Live in HD from Zurich & Madrid; Matches to Benefit Each Player’s Foundation
Roger Federer and Rafael Nadal – whose personal rivalry has defined the sport of tennis in recent years, combining for 25 of the last 30 Grand Slam titles – will play a pair of exhibitions December 21 and 22 live on ESPN2, ESPN2 HD and ESPN3.com. The two indoor hard-court best-of-three set matches will take place in each player’s home country, benefiting his charitable foundation.
On Tuesday, Dec. 21, at 2 p.m. ET, the two legends will meet at Hallenstadion Arena in Zurich, Switzerland, benefitting the Roger Federer Foundation. A day later, they will play again, at La Caja Magica in Madrid, Spain, at 1 p.m. with proceeds going to Fundacion Rafael Nadal.
Chris Fowler and Patrick McEnroe will call the matches on television and ESPN3.com. ESPN International will distribute the telecasts on ESPN platforms in Latin America, Africa, the Middle East and the Pacific Rim.
“Federer and Nadal have rarely played each other on a hard court surface – and never at the US Open – so it will be fun to see their styles in this environment,” McEnroe said. “Being indoors, a quicker surface where the ball doesn’t bounce as high, favors Federer, the more aggressive player. But he’s five years older than Rafa, so for me it’s more about seeing where he is heading to 2011 than Nadal, who clearly supplanted Roger as no. 1 this year. I believe Roger can and will still win majors, but every time it’s Nadal who the man to beat.
“These are called exhibitions, whenever these two guys square off, the competitive juices start flowing and the crowds and spectacle will be terrific as each plays in his own country,” McEnroe continued. “Certainly no two other players in the world could pull this off.”
Federer said, “I always enjoy playing Rafa on the big stages and it is especially exciting when we can do it to help raise monies for our foundations. I am sure that the fans in Zurich, Madrid and those around the world who will catch it on TV or the internet will see some exciting tennis for a great cause.”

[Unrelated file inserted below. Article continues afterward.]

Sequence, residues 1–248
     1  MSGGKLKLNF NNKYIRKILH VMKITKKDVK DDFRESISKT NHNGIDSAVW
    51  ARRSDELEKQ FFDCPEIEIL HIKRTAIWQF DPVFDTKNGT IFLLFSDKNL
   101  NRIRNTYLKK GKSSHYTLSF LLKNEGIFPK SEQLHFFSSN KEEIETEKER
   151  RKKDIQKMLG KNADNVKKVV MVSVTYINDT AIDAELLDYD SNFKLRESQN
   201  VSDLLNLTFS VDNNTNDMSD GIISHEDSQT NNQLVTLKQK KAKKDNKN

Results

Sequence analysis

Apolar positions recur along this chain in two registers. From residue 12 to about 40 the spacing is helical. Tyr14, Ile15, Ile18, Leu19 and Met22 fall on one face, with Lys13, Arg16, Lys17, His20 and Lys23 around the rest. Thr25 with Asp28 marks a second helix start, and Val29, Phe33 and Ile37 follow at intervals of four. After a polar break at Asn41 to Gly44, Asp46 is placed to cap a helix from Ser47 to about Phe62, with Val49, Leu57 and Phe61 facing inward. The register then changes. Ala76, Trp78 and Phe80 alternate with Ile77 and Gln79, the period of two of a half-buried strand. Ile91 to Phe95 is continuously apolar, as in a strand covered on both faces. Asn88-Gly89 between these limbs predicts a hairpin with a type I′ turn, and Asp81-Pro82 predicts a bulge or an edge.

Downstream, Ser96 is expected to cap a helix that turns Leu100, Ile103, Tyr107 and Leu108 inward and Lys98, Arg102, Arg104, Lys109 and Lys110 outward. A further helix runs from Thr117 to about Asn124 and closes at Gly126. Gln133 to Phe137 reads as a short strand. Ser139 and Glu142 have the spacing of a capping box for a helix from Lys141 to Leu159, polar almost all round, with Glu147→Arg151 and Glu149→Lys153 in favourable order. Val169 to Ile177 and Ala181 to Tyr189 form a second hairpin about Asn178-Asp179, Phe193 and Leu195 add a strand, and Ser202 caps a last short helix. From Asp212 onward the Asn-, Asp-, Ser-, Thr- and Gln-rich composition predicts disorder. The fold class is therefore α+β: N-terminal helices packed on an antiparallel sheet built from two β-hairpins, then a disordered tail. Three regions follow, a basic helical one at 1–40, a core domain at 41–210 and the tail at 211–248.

Nadal added, “Playing Roger is always something special for me. I think it is also special for the fans since we played great matches all these years. But to play for a special cause as we are in Switzerland and Spain in December makes it even more special since we are helping also other people”
The Federer-Nadal Rivalry
Although Federer and Nadal have dominated the top of men’s tennis for the last eight years, they have not often met head to head. They held the top two rankings on the ATP Tour for more than four years (July 2005 – September 2009), and are the only pair of men to finish five consecutive calendar years at the top. Nevertheless, their personal rivalry stands at only 21 matches. However, 17 of those were in tournament finals, including seven in Grand Slam events. Nadal leads overall 14-7, thanks to a 10-2 advantage on clay. On hard courts, such as in these exhibitions, they are even at three wins each. Their 2008 Wimbledon final is widely regarded as the greatest tennis match in history. In the longest final in Wimbledon history (4 hours and 48 minutes) and ending in near darkness, Nadal ended Federer’s five-year reign 6–4, 6–4, 6–7(5), 6–7(8), 9–7.
ESPN – All Four Slams, All In One Place
Tennis has been part of ESPN since its first week on the air and provided many memorable moments, but it has never been as important as today, with the US Open joining the lineup in 2009, giving ESPN all four Grand Slam events, something no other U.S. network has ever done, let alone in one year.
ESPN debuted September 7, 1979, and the first tennis telecast was exactly one week later, September 14, a Davis Cup tie, Argentina at U.S. from Memphis with Cliff Drysdale on the call and John McEnroe playing.
ESPN has presented the Australian Open since 1984, the French Open since 2002 (plus 1986 – 1993), Wimbledon since 2003 and the US Open since 2009.
In addition, broadband network ESPN3.com, now in 65 million homes, carries thousands of hours of tennis annually, including all four Grand Slam events, usually with additional, exclusive matches.